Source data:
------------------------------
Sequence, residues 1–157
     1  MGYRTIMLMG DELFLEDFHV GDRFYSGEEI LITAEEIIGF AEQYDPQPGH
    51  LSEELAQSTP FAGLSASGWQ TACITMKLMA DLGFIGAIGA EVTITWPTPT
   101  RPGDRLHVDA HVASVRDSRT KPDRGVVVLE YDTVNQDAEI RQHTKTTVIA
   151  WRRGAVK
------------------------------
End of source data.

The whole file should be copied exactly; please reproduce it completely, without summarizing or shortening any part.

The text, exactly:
Sequence, residues 1–157
     1  MGYRTIMLMG DELFLEDFHV GDRFYSGEEI LITAEEIIGF AEQYDPQPGH
    51  LSEELAQSTP FAGLSASGWQ TACITMKLMA DLGFIGAIGA EVTITWPTPT
   101  RPGDRLHVDA HVASVRDSRT KPDRGVVVLE YDTVNQDAEI RQHTKTTVIA
   151  WRRGAVK